Reply to post: Re: Linux has facilitated the cituation he is lamenting about

Linus Torvalds says ARM just doesn't look like beating Intel

Richard Plinston

Re: Linux has facilitated the cituation he is lamenting about

> I can just about remember the early days of "the PC",

Unfortunately you seem to have misremembered most of it.

> bought the company and stuck an IBM badge on it.

No. The IBM 5150 PC was an internal project based on their previous System 23 Datamaster and somewhat on their Displaywriter. While the System 23 was Z80 based Intel persuaded them to use the new 8088 which had an 8bit data bus and would not need much rejigging of the planar (motherboard), though it was redesigned somewhat for the 'Model B'.

> You caould buy loads of "PC"s from other vendors, that came with PC-Dos from MS, and would run "PC" software. But they really didn't have the uniformity of hardware that people think - there was a lot of variation and MS would provide each manufacturer with a PC-Dos tweaked to suit.

'PC-DOS' was strictly for IBM and only available from IBM (though it could later be used on clones). Many other 8088/8086 (or compatible such as V20/V30) machines could run MS-DOS and they did not need to be anything like an IBM-PC. They could be S100 based, or Wang or DEC Rainbows. But, no, MS would not provide a 'tweaked' version. Exactly like DRI's CP/M and CP/M-86, MS-DOS (which was actually written by SCP) was structured as a BDOS, a CCP (Command.COM), a BIOS and utilities. The BDOS and CCP was invariant, the manufacturer needed to write a BIOS to suit their hardware. It happened that the IBM-PC had a ROM BIOS which only required a small stub software BIOS to translate the BDOS calls to the ROM BIOS**.

> SHe worked on the basis that if you could take ${random_game} off the shelf, unwrap it, and boot the PC with that disk and be able to play the game - only then was it "PC Compatible".

Much software in the early days could run on any hardware that was running MS-DOS. Some came in 'PC-DOS' or 'MS-DOS' versions where the former required an IBM-PC or clone and the latter had a configuration program that could choose the appropriate way of using the screen or terminal. For example Wordstar and Borland Pascal 3 came in several versions (also for CP/M and CP/M-86). Because MS-DOS terminal handling was so poor, and so slow with ANSI.SYS, many software writers included to option of using BIOS terminal handling. This was also poor and, on IBM PC, they started doing direct screen writes to the CGA or MDA, or Hercules. _This_ is what changed the users to needing clones.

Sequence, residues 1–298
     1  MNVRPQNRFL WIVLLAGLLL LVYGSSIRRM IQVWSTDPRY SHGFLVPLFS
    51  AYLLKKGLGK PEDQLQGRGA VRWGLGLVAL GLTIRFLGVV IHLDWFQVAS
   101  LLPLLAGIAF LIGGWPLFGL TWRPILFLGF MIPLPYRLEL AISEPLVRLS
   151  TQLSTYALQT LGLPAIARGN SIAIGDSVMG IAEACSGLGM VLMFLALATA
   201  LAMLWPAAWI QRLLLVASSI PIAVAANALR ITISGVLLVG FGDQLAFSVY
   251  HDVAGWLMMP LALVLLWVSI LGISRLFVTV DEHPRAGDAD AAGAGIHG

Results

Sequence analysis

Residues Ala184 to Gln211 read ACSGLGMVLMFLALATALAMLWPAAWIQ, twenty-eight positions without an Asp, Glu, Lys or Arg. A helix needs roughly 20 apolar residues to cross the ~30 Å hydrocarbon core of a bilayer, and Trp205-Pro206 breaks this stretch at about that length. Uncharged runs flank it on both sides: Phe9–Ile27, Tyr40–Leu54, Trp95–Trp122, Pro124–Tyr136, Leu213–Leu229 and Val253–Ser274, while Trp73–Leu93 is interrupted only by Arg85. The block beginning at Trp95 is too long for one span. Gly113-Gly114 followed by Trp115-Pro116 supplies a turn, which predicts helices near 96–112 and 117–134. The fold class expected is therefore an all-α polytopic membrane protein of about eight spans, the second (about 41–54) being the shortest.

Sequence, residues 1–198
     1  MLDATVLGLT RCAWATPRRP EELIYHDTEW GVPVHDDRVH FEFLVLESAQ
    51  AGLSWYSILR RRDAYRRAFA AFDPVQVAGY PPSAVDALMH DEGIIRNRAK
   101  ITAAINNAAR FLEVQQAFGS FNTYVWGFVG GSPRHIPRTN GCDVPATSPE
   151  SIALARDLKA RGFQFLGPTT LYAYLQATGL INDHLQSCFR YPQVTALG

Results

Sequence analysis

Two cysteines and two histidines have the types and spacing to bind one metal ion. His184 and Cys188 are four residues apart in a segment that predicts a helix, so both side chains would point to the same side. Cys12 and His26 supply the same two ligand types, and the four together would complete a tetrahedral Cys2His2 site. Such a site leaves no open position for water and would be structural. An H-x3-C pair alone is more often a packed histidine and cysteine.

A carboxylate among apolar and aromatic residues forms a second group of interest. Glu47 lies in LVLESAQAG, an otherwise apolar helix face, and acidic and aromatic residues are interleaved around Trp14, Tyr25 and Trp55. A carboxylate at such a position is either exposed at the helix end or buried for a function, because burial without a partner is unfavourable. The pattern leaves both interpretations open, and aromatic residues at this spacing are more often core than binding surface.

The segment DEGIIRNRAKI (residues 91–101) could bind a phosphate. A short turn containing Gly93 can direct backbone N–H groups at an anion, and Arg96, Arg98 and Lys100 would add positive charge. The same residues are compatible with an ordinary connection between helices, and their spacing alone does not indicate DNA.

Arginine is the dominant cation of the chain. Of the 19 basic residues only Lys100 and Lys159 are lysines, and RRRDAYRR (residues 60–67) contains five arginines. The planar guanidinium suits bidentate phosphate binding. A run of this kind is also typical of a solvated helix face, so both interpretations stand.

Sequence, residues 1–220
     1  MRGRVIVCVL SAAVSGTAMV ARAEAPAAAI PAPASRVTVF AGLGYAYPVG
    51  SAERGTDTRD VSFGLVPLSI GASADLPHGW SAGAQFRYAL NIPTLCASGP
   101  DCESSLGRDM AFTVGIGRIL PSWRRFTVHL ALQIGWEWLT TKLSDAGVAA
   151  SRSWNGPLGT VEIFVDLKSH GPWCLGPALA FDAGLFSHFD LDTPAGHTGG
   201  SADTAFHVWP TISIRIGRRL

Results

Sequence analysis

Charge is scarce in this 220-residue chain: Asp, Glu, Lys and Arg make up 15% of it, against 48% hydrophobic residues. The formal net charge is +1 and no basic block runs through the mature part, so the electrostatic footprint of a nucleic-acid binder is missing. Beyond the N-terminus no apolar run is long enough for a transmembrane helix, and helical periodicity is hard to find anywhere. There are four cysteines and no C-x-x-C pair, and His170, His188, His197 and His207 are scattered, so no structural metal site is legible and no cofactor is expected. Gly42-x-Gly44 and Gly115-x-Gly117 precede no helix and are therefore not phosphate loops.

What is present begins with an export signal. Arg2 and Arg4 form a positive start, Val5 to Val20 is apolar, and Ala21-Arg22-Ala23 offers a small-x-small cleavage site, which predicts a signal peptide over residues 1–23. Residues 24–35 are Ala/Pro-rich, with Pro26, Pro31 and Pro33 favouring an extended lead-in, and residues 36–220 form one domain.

> IBM were geared up to "big stuff" (where productivity is measured in how many lines of code you make, not how small you make it !)

Many mainframes of the time had quite small memories. While LOC was one metric used to measure programmers productivity that does not imply that the programs were huge, nor that RAM was freely available.

> and as they could see the likes of Commodore and Apple eating their lunch in the small office - bought the company and stuck an IBM badge on it.

The small office was not the primary aim of the IBM 5150 PC. Apple IIs and Commodore Pets were appearing in the IBM sites running Visicalc, Wordstar and dBaseII. IBM wanted a machine that would keep these sites 'pure'. The IBM PC was designed (by IBM - NOT a bought-in company) to be just a bit better than the Apple II and to run the same software. It was also intended to be a terminal (which is why its serial ports were DTE when most other micro computers were DCE*). There were also versions of the IBM-PC that were 3740 terminals and 360 Emulators (with additional 680x0 boards).

IBM were also already in the small business market with the 5100, 5120, 5130 and small System 3s.

> As so, fairly quickly, all the manufacturers quickly learned that they had to mimic the IBM PC fairly closely (eg putting the serial ports at the same I/O addresses etc) or they'd be labelled as "not compatible" and would lose sales. Thus the "PC Compatible" standard "happened" !

The 'PC Compatible' was not just a few port addresses, it relied on having a compatible ROM BIOS and an internal address mapping of hardware, such as the video adaptor. Manufacturers could have licenced this from IBM (some 'stole' a copy) but a deliberate clean-room implementation by Phoenix provided a cheaper way of making clones.

> I deliberately say "happened" because it wasn't really designed, it sort of came into being in a very accidental way.

No. It was not even close to being 'accidental'.

* DTE= Data Terminal Equipment. DCE= Data Comms Equipment (eg a Modem). A 1-1 cable will connect a DTE to a DCE. S100 systems used DCE serial port to plug 'green screen' terminals into.

** The first version of MS-DOS that _required_ the machine to be an IBM-PC clone with a ROM BIOS was MS-DOS 5.

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